Debate: Blacks should stop thinking most whites still long for apartheid

2015-03-23 12:15

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Remorse comes from within. Coerced remorse has no value, writes Tim du Plessis

When I ask black South Africans to think about and act differently towards whites, I do not speak for whites and/or Afrikaners. Only on my behalf. But I’m white and Afrikaans. My primary identity is South African. I do not want to live elsewhere, even if I could.

Black South Africans should stop thinking most whites still long for apartheid. There are a few who do, but they are dying out. Whites also do not want to bring back apartheid – they know they can’t.

Black South Africans might want to remember that when whites had the opportunity to vote in the 1992 referendum to retain the previous dispensation, a majority of 67% voted to abandon apartheid.

Mondli Makhanya (left) from City Press and former Rapport editor Tim du Plessis debate what blacks and whites should do. Picture: Nelius Rademan

I wish black South Africans would take more confidence from their victory over apartheid. That might be the point where they can start forgiving. Not because whites deserve it, but because it will empower them. Nothing will push whites faster from their pedestal of imagined superiority than the forgiveness of their black compatriots. Don’t confuse this with a plea for amnesia.

Black South Africans should realise the calls for whites to apologise for apartheid are not having much effect. Remorse comes from within. Coerced remorse has no value. Where should whites apologise? What form should it take? Who should do it?

A few whites participated in the Truth and Reconciliation Commission (TRC) and accepted responsibility. Before the TRC, in the early 1990s, the Dutch Reformed Church made a confession on apartheid. National Party ministers such as Leon Wessels and Roelf Meyer appeared before the TRC.

With about 100 Afrikaans journalists, I made a statement to the commission acknowledging and accepting responsibility for what we did or had neglected to do in the past. Then president Nelson Mandela and Archbishop Desmond Tutu welcomed the statement. What more should I do?

The same goes for calls that whites should share their wealth. How should I share what I possess? Will I have any say in who should get my belongings? Black South Africans could show more appreciation for our redistributive tax system. If most of the wealth is still in white hands, it means they carry a massive tax burden. They deserve the burden; it should just be acknowledged.

I really want black South Africans to lose the notion that, because I lived during apartheid, I am less of a human being. Our lives are not worth less because we lived under the previous system.

I am disillusioned by the ANC in government. As a party, its ideas have all but dried up. It’s being consumed from within by corruption and factional turf battles. This does not mean my thoughts about the ANC define my black compatriots.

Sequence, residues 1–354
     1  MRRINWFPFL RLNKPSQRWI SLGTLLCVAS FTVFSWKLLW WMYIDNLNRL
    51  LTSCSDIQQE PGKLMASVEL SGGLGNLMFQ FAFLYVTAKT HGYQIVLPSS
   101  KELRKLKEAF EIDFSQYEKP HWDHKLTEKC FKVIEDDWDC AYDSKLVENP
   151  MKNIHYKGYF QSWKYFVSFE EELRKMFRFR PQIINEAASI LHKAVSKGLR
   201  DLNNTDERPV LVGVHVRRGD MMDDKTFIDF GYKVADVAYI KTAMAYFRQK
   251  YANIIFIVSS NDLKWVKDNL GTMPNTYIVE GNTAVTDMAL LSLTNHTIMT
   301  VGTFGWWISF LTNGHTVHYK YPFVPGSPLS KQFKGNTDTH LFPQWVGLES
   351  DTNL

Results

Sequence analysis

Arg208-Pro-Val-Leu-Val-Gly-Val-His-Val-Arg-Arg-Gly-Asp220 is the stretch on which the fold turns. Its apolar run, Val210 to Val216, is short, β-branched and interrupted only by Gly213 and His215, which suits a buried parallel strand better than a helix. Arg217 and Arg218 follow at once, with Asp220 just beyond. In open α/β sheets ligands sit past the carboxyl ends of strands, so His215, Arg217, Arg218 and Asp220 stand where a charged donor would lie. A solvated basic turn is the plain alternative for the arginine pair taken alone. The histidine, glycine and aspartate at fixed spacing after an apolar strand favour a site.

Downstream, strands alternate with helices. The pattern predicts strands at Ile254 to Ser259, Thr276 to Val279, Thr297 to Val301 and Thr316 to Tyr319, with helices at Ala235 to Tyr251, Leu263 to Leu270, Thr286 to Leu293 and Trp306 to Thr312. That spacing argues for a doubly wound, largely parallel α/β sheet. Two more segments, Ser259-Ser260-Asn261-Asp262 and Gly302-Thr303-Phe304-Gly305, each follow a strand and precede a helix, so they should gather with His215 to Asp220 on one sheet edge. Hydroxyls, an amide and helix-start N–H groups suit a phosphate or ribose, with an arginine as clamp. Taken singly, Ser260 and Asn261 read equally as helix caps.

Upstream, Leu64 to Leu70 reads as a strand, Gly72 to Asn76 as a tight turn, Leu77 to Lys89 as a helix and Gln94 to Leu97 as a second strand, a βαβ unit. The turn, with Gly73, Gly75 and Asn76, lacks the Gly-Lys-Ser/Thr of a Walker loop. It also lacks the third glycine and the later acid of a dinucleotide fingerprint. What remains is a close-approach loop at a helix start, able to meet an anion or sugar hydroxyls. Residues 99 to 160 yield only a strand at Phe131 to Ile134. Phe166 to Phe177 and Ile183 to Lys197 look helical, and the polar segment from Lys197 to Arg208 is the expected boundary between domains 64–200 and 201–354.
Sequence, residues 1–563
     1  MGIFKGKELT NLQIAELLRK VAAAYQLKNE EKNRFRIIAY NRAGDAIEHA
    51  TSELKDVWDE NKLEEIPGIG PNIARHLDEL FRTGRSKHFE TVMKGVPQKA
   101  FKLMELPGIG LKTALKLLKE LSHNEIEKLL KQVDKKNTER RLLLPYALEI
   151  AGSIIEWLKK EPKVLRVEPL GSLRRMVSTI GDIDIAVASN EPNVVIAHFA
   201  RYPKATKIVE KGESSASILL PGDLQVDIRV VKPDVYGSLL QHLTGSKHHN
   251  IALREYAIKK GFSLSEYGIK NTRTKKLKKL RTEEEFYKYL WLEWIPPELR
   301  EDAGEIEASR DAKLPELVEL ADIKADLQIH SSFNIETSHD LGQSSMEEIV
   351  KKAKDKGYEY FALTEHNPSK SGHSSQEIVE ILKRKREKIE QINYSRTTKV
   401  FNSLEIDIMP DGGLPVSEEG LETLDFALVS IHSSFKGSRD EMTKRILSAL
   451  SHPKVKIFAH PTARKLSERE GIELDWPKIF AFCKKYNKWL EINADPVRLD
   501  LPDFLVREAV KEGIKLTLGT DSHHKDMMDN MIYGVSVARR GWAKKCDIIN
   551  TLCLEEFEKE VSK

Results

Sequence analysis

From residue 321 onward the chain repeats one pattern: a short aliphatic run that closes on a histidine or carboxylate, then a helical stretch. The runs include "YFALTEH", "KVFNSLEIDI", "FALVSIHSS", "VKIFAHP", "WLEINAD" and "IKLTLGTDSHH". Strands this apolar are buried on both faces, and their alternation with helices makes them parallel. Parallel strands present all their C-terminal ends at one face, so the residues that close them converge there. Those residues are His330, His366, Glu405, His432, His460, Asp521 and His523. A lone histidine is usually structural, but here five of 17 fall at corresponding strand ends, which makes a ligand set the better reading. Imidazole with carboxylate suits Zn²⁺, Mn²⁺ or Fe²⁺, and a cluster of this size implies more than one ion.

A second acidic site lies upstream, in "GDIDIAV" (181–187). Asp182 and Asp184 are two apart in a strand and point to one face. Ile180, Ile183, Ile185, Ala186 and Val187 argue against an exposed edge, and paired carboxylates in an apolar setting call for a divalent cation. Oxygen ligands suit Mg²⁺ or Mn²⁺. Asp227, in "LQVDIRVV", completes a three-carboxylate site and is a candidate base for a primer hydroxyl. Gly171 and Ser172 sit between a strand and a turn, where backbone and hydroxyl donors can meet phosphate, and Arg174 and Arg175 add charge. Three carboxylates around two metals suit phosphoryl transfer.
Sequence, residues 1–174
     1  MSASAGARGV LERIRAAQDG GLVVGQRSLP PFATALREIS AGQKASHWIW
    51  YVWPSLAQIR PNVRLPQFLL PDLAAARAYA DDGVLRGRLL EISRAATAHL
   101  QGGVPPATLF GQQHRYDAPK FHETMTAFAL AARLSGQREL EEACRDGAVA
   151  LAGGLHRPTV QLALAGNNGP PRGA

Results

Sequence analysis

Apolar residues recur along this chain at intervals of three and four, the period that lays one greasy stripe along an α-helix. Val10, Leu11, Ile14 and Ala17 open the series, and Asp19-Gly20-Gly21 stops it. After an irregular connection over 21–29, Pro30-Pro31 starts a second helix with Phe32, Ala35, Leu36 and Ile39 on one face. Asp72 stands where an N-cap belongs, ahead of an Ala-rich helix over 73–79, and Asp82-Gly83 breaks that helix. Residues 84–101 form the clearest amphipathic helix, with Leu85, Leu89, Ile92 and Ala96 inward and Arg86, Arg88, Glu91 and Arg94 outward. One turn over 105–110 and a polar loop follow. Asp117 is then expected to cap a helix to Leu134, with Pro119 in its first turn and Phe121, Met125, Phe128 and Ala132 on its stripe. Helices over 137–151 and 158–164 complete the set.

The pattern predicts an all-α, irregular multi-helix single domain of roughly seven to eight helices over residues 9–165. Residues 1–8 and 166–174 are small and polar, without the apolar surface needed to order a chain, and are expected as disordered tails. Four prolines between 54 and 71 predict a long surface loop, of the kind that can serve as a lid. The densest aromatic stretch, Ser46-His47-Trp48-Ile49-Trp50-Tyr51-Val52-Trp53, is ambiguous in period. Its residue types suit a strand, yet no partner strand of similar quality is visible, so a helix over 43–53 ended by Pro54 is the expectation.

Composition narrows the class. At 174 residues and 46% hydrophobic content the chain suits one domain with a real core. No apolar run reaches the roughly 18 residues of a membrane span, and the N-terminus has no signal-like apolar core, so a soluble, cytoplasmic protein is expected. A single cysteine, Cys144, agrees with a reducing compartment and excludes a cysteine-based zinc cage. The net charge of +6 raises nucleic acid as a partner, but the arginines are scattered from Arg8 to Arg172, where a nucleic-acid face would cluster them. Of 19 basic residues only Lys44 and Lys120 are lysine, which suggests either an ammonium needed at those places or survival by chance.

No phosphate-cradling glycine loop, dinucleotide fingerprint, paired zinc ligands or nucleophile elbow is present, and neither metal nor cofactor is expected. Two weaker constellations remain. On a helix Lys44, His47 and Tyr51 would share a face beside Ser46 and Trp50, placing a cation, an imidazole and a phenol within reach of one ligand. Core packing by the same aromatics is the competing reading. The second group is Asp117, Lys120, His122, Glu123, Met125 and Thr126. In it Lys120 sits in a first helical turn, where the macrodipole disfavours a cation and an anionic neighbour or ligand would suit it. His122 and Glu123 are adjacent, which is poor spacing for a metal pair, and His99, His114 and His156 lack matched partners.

Black South Africans should not allow the ANC to trick them into believing that, because I distrust it, I have contempt for them. The opposite is true. I know full well what sacrifices black South Africans made.

I often talk to black people from all walks of life who complain about the current political leadership or lack thereof. When I ask why they don’t have their say at the ballot box, they just shrug. Black South Africans should tell us why they keep voting for a party with which many are so dissatisfied, one that sacrifices their interests for narrow self-interest.

The black elite respond to white activism by a different measure than black activism. The Black Management Forum, Black Business Council and Black Lawyers’ Association are fine. But for some reason, AfriForum and Solidarity are not.

If I may, my final yearning is about Afrikaans: black South Africans should stop believing we want to preserve the language and heritage to preserve a small piece of apartheid.

When I argue about retaining a few Afrikaans schools or if I support the idea of a university campus that’s predominantly Afrikaans, it’s not to keep blacks out, it’s to retain and preserve Afrikaans.

Why does the black elite believe everything must be anglicised as the starting point for transformation?

Please accept that?I?and many Afrikaners can and will transform to align with the values in our Constitution, but we want to do it in Afrikaans and remain Afrikaans.

The black elite might believe there is value in anglicising. I don’t. I will happily share my “Afrikaansness” with all who want to associate with it. Whites don’t own Afrikaans either. More than half of all Afrikaans speakers are not white.

I don’t want to be forced to become a white Englishman in the name of transformation. I’m from Africa, but the coincidence of physiology prevents me from becoming black.

Du Plessis is a former editor of Rapport, who also served as deputy editor of City Press in the late 1990s

Read Mondli Makhanya’s response here.

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